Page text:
7

In general, is it better to say get an idea on or get an idea of something?

Here are some examples:

In order to get an idea on how to build this house...

In order to get an idea of how to build this house...

In my opinion, the first example sounds better. Which one is grammatically correct?

5

In English, one has an idea of... (as well as other prepositions)

In order to get an idea of how to build this house, I spoke to several architects.

We may think on a matter.

The more I thought on the matter, the more convinced I became that I had been wrong all along.

  • The Google search for "to get an idea on" gives 6'030'000 results. Are they all wrong or you can use it depending on the context? – tyrana4 Dec 18 '13 at 1:36
  • 2
    @aeqr You can't treat Google's result estimates as evidence of standard English usage. COCA has 268 results for get an idea of, but only 1 result for get an idea on, and I think this is probably a better indication of standard English usage. – snailcar Dec 18 '13 at 5:14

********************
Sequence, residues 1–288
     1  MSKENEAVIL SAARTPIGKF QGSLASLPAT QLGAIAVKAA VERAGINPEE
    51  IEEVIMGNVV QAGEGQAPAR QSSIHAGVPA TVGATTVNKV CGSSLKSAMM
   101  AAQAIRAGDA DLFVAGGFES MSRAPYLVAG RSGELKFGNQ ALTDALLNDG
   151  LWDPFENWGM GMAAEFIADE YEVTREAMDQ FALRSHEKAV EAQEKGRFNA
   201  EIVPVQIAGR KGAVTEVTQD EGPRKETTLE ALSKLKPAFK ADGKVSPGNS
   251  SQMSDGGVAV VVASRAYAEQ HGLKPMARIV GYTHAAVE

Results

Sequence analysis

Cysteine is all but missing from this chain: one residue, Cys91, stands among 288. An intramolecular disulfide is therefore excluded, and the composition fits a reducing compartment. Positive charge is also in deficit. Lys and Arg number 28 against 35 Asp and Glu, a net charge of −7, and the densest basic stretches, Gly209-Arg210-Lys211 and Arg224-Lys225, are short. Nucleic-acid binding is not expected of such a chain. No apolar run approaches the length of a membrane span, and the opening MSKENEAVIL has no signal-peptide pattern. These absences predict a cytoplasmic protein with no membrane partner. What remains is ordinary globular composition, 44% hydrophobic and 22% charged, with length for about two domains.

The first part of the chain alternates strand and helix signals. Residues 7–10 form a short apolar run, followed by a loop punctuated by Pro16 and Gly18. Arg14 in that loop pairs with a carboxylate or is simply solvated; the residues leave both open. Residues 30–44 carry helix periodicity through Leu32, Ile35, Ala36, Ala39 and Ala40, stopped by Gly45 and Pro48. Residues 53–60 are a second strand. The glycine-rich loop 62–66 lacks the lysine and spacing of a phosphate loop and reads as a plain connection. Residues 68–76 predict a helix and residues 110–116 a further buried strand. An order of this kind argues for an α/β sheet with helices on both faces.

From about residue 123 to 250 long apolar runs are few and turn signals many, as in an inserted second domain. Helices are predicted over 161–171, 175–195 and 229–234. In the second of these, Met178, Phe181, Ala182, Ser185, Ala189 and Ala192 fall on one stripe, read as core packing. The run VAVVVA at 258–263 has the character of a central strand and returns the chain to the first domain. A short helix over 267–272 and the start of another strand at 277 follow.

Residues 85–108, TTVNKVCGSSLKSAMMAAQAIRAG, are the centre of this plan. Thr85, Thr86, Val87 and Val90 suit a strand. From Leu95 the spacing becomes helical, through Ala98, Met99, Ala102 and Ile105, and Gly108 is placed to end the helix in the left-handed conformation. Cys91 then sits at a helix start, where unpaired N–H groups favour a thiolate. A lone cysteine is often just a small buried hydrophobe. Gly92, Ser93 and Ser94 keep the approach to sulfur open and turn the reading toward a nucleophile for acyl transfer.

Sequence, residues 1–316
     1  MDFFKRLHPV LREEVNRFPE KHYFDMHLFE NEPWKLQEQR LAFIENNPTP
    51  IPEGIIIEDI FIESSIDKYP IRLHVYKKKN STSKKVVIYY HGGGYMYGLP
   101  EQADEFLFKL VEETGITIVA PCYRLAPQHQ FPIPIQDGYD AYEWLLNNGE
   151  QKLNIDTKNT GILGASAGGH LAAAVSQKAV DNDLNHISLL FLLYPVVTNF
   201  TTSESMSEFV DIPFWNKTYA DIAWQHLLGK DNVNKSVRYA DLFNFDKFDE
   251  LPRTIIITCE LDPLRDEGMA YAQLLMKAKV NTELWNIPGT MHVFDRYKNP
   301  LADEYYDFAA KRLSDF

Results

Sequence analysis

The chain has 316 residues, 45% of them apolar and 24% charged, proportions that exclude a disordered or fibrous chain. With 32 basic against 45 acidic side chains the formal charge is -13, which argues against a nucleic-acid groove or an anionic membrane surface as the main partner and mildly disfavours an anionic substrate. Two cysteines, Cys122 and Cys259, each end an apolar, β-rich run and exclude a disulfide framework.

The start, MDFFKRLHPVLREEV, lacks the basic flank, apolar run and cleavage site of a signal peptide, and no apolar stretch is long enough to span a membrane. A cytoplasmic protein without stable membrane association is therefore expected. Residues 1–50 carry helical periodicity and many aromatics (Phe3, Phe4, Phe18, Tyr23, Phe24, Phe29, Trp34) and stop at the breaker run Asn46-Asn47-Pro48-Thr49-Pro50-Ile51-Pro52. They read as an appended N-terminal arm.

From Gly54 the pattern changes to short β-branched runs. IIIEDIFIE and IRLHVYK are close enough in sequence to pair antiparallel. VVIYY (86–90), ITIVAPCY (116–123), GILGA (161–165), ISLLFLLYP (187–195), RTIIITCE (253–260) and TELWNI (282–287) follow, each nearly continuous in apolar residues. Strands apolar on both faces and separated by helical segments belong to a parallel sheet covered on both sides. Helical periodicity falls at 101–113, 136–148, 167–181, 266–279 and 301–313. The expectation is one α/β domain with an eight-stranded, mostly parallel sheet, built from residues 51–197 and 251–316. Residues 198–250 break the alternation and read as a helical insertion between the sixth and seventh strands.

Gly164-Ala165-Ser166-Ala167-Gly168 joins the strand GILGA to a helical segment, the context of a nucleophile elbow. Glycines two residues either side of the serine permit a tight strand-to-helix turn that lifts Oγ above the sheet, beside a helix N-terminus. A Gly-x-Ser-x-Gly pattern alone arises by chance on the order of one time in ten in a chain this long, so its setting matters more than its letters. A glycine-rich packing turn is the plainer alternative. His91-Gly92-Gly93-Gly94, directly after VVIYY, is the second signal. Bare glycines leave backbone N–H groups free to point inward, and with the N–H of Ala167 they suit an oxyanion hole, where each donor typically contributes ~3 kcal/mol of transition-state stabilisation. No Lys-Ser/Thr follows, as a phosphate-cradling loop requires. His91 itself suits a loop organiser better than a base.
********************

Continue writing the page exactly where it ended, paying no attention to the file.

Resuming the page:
2

Personally, I would say that I get ideas about things, not on or of things.

Example:

I had a good idea about how to answer this question, but I wrote this instead.

0

...get an idea on how to build...

...get an idea of building...

Use of before a verb + -ing.

  • 1
    That is how I would say it as well, but can you provide a source for this rule? – tyrana4 Dec 18 '13 at 3:27
-1

Alternatively,

In order to get an idea for building this house...

  • 1
    Why do you suggest this alternative? – Hugo Dec 18 '13 at 8:52
  • I think it is more natural than any of the above answers. – abhijeet Dec 18 '13 at 15:00

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